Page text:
The Top 10 Reasons Why Diets Fail
It reflects our desire for instant gratification and the all too human reluctance to be patient.
Drastically reduced calorific intake shunts the body into 'starvation mode'. This effectively slows down metabolism and causes you to convert almost everything that you consume into energy-storing fat cells in case you encounter “famine” conditions again, and your body needs something to feed off.
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Researchers have observed weight regain following weight loss across a range of populations and types of weight-loss diets.
The brain’s response to caloric restriction tends to be to increase cravings for foods that are highly rewarding and reducing our perception of being full.
Diets frequently fail because they have an endpoint and are not a real lifestyle change. Maintaining a lifestyle that promotes a healthy weight and metabolism is often a lifelong journey.
The actual food you eat isn’t the main thing that enables you to keep weight off.
Maintaining a weight-reduced state is a lifelong journey and many dietary approaches can work to facilitate weight loss and keep it off.
Drastic or too-strict diets can trigger mood swings, headaches, physical and mental fatigue, irritability, digestive upset, and brain fog. Too few calories and too little carbs seem to be the biggest culprits.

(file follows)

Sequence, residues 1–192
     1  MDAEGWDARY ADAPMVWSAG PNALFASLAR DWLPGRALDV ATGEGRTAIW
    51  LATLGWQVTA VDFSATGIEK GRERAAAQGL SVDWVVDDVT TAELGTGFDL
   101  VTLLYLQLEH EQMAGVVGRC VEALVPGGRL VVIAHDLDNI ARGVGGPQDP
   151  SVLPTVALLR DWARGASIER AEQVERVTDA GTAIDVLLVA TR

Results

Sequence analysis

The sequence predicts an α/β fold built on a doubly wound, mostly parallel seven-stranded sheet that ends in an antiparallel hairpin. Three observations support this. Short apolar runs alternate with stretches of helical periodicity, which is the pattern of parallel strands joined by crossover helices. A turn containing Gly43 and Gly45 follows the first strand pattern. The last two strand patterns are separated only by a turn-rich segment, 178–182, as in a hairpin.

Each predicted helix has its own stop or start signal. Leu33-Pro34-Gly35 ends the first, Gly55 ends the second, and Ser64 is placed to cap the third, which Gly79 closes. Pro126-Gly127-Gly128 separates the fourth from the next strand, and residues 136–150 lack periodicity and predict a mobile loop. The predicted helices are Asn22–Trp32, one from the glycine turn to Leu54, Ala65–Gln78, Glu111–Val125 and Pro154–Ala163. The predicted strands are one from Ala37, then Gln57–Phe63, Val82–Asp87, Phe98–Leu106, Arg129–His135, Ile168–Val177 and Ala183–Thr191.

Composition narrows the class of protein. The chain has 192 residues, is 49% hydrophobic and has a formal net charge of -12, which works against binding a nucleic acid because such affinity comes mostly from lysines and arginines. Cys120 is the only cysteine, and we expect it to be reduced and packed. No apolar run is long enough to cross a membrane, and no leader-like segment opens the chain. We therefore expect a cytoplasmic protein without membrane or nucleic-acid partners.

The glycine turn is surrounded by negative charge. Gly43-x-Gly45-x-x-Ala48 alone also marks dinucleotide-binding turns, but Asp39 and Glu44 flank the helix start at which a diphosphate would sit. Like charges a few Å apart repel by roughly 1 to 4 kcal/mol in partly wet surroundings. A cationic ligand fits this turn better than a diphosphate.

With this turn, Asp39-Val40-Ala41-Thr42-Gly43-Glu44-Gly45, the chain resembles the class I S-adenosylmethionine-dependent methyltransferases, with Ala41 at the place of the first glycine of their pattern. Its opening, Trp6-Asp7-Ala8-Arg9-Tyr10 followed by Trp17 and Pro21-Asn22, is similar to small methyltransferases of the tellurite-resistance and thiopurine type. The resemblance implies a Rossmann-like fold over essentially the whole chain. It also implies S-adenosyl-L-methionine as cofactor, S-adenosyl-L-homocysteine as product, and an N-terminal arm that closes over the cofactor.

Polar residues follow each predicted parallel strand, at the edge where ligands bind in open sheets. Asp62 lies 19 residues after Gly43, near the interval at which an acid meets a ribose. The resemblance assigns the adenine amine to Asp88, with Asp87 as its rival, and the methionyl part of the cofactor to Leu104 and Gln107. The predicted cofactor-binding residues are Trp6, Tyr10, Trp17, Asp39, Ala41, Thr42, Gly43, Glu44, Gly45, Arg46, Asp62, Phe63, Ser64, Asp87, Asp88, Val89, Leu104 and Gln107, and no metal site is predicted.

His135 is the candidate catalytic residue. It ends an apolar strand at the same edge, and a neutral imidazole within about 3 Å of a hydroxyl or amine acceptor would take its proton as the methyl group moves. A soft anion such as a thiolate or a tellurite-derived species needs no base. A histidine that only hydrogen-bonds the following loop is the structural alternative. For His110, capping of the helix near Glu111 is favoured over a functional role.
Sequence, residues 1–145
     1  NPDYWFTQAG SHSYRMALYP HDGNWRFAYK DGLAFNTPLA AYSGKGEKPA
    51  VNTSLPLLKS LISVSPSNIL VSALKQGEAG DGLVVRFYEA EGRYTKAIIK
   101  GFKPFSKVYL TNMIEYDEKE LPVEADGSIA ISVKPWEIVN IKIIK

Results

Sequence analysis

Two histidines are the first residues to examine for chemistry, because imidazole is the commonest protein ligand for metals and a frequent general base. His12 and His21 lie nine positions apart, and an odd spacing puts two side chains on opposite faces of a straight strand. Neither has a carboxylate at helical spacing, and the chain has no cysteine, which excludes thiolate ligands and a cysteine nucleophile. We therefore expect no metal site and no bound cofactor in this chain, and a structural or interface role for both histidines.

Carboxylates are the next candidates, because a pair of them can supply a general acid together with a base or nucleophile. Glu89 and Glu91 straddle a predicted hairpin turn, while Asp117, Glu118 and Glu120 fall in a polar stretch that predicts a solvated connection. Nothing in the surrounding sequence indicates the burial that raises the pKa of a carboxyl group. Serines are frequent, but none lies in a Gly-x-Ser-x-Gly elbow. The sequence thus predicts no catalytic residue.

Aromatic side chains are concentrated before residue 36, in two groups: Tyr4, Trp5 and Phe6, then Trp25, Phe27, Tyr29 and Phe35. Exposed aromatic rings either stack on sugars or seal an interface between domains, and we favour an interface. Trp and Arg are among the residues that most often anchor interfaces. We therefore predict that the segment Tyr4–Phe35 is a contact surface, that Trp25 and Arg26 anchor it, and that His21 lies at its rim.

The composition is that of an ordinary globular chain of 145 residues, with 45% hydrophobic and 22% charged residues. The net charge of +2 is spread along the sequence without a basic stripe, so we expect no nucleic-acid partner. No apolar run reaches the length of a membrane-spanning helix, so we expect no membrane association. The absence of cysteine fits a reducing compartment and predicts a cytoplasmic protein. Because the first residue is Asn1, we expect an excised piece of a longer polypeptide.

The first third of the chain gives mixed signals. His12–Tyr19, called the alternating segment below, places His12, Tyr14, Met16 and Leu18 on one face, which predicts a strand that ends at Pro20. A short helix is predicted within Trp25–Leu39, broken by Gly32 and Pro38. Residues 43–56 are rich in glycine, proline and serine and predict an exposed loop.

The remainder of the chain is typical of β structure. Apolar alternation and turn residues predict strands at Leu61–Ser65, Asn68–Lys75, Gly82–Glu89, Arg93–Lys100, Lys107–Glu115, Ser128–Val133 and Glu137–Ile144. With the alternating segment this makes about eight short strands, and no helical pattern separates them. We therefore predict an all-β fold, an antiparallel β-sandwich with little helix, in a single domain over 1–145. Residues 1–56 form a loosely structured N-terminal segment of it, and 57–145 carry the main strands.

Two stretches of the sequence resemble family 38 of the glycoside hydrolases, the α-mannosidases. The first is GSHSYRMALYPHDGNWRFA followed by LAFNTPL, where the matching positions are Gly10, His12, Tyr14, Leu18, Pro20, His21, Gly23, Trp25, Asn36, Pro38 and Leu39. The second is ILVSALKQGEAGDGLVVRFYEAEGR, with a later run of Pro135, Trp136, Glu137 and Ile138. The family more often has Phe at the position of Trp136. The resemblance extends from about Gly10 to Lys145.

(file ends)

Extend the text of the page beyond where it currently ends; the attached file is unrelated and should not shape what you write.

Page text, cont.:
Build in an extra snack, increasing portions, or adding back some fruit. To succeed, take a Goldilocks approach – not too little, not too much, just right.
Chronic hunger generally indicates that your diet is imbalanced or inadequate, which can cause your body to conserve energy and resist weight loss.
Include healthy foods that boost satiety and keep you fuller longer, namely those high in lean protein (organic eggs, poultry, fish, beans and lentils), fiber (fruits, veggies, whole grains, beans, lentils), and good fat (avocado, nuts, seeds, and extra virgin olive and coconut oils).
Trying to be "perfect" week after week typically leads to feelings of deprivation, resentment, even anger or depression, and culminates in either binge eating, or diet abandonment.
Ditch the "all or nothing" mentality. In that mindset, one small diet deviation triggers thoughts like, "Well, I blew it, I might as well go all out!" which keeps you stuck. Allow yourself small splurges in ways that reduce the chance of overeating.
The Paleo Diet is an effort to go back to eating how we’re biologically designed to eat, allowing us to tap into our genetic potential and start living healthier immediately.
When you only eat real food and avoid all unhealthy food, you’re more likely than not going to run a caloric deficit – and thus lose weight.